Having recorded eight new cases of COVID-19 on Sunday, Bimini is again emerging as a Family Island hotspot for new cases.
The island went through a two-week lockdown in May, when there were 13 confirmed cases.
In the weeks following the lockdown, there were no new confirmed cases.
However, in the past month, 16 new cases have been reported, bringing the island’s total to 29 as of Sunday.
Vincent Ellis, 68, a lifelong Bimini resident, said that while he believes another two-week lockdown could be helpful in stopping the spread of the coronavirus, he is not sure the island can withstand it economically.
“I can’t say it wouldn’t be a good move,” he said.
“[B]ut I don’t know whether Bimini could afford another lockdown. I’m for it, but boy, I don’t know if some people can afford it.
“Some of them got their jobs that they’re going to and that might affect that.”
Ellis said a recent round of Bahamas Power and Light (BPL) disconnections hit the community hard.
“People are going to ask how they’re going to pay their bills, because, boy let me tell you, last week, [BPL] had a massive turn off,” he said.
“A lot of people on this island don’t have electricity.
“It’s the most I’ve ever seen on this island. There’s plenty of people without electricity.”
He added, “That, alone, could cause some problems.
“[P]eople have been taking their money and just buying groceries, something to eat, you know.”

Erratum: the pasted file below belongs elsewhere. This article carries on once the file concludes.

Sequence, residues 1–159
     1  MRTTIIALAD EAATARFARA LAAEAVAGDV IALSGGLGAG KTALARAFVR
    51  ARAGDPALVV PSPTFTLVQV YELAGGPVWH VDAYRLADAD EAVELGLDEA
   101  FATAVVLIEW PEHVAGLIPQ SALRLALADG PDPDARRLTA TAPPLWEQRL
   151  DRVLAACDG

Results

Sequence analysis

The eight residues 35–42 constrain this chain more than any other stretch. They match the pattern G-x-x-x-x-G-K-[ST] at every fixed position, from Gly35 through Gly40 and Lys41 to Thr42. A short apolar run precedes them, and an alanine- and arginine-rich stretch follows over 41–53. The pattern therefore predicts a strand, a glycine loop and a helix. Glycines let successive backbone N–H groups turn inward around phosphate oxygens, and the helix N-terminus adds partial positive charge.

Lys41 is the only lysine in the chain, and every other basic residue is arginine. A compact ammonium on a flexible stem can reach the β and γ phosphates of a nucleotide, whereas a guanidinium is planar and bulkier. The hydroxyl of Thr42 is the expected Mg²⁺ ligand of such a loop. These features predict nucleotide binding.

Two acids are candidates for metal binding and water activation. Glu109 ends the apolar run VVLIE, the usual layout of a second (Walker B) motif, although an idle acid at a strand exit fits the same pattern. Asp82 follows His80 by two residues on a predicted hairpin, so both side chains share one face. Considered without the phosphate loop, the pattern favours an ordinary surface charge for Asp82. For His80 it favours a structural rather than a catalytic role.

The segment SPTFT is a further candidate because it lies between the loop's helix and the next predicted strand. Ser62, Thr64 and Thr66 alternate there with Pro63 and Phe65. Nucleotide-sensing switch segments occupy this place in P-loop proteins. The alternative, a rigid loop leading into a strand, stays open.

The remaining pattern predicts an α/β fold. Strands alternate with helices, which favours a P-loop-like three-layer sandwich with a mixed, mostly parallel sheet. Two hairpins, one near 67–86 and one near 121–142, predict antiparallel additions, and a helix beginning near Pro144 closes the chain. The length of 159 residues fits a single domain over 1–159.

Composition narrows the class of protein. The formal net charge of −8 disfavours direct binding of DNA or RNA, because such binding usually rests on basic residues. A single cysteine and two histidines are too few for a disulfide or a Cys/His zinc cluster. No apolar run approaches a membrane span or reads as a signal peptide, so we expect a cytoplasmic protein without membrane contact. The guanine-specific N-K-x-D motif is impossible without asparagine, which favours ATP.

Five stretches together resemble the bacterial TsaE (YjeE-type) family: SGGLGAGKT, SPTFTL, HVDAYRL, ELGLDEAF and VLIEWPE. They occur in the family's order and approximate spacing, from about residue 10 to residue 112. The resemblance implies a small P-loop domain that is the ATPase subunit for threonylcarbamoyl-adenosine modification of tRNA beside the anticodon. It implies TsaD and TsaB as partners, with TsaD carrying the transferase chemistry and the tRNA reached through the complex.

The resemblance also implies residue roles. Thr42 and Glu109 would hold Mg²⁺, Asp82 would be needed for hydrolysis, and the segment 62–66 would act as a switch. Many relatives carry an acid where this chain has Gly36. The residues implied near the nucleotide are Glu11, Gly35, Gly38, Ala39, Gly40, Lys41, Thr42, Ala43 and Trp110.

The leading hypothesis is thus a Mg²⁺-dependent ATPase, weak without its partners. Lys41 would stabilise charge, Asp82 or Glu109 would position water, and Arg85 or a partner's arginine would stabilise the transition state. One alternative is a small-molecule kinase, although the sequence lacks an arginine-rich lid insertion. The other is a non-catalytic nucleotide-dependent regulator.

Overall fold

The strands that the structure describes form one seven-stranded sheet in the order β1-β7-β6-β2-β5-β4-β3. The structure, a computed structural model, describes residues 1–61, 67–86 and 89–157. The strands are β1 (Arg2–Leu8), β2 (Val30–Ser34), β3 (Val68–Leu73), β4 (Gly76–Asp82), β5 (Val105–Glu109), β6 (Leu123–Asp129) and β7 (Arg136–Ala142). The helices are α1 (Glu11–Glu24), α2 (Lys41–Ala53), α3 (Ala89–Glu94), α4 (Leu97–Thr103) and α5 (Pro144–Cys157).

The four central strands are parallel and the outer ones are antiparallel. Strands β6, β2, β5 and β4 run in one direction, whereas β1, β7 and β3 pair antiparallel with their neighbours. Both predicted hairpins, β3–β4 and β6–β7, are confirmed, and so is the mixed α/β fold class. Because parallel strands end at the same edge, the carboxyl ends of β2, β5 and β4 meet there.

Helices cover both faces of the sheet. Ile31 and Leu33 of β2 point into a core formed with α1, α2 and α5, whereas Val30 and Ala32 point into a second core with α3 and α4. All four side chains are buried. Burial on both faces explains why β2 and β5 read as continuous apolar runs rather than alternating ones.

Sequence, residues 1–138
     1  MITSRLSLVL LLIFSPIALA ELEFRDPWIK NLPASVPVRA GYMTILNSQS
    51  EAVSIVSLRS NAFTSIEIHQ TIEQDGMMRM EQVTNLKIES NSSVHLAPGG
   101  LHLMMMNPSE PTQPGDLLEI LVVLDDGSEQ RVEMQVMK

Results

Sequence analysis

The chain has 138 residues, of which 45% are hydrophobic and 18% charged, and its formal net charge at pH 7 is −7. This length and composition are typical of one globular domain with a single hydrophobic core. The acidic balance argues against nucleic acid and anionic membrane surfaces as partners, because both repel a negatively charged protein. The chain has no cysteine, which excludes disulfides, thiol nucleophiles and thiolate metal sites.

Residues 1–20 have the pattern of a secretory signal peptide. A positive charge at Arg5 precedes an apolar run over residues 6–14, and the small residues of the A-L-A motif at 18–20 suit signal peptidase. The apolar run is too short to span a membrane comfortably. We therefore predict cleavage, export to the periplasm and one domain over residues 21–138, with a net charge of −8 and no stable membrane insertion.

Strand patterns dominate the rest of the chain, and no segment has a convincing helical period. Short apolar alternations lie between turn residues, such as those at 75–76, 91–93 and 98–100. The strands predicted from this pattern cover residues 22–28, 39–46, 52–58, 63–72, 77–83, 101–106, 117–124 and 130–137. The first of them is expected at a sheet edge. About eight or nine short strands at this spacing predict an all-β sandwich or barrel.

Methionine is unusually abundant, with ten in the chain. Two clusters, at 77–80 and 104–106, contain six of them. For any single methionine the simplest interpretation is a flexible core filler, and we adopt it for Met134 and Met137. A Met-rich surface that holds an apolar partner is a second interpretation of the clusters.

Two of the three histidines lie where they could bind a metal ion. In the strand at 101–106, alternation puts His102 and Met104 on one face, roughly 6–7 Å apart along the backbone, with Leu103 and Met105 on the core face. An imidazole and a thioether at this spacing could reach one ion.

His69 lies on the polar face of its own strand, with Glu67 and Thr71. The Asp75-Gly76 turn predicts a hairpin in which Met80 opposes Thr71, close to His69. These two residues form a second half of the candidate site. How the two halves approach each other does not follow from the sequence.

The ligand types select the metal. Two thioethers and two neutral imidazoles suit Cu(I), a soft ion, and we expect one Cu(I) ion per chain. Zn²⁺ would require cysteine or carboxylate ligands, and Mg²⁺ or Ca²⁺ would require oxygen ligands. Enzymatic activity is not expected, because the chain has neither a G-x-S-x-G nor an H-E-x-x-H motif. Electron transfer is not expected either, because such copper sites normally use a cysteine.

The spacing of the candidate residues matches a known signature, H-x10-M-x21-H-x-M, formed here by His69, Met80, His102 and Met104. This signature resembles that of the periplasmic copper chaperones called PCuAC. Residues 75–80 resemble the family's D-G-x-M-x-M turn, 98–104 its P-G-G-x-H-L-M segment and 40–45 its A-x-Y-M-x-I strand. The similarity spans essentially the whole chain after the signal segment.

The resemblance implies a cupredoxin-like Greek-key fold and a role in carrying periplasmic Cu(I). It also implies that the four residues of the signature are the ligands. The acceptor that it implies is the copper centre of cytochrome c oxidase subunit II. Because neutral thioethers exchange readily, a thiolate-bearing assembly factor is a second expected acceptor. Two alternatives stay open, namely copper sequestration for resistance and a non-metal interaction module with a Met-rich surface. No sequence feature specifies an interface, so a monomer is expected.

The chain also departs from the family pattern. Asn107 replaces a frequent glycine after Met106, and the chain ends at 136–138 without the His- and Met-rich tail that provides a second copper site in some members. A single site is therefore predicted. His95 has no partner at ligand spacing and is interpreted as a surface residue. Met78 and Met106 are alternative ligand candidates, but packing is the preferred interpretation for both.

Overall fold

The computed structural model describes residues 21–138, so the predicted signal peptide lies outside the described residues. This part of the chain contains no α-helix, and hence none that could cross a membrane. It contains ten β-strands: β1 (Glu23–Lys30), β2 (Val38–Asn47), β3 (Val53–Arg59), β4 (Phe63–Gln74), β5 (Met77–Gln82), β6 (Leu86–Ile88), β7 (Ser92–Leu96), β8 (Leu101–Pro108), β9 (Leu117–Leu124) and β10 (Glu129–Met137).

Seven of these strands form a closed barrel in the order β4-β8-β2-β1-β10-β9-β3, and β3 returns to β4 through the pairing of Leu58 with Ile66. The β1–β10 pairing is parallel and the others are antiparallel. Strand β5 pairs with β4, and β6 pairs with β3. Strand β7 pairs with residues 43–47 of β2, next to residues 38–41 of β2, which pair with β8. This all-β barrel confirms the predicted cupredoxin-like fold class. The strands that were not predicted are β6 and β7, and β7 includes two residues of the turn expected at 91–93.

Lloyd Edgecombe, 65, a member of the local government council, said he’s disappointed to be experiencing another surge in cases, after having already gone through such stringent measures in the past few months.
“I’m disappointed because during the lockdown, a lot of people made a lot of sacrifices,” he said.
“To be locked down in a community like Bimini was not easy. You had to help out a lot of people, the ones who are doing a little better than the others, they had to help out. And between that and local government and social services, we were able to survive that.
“But I don’t think another lockdown, it may be needed, but boy, I don’t know, it’s very difficult.
“[We] don’t have the resources here for that and I don’t know if the government has the resources for another lockdown. The last one was really costly.”
West Grand Bahama and Bimini MP Pakesia Parker-Edgecombe said that while Bimini residents have been mostly compliant, she believes some cases on the island have been tied to funerals.
“I do believe that following the lockdown, COVID was imported into the community again when a number of funerals took place,” she said.
“People became relaxed. Biminities, for the most part, did right with the lockdown.”
Parker-Edgecombe also noted that there have been instances of people on the island with possible symptoms of COVID waiting long to seek medical attention.
“I strongly admonish them to take the necessary measures to protect themselves,” she said.
“The government and health officials cannot do it alone.
“Additionally, there have been persons who are seemingly experiencing symptoms and either not going to the doctor or waiting too long to do so. I am appealing to anyone who may be experiencing such to get checked.”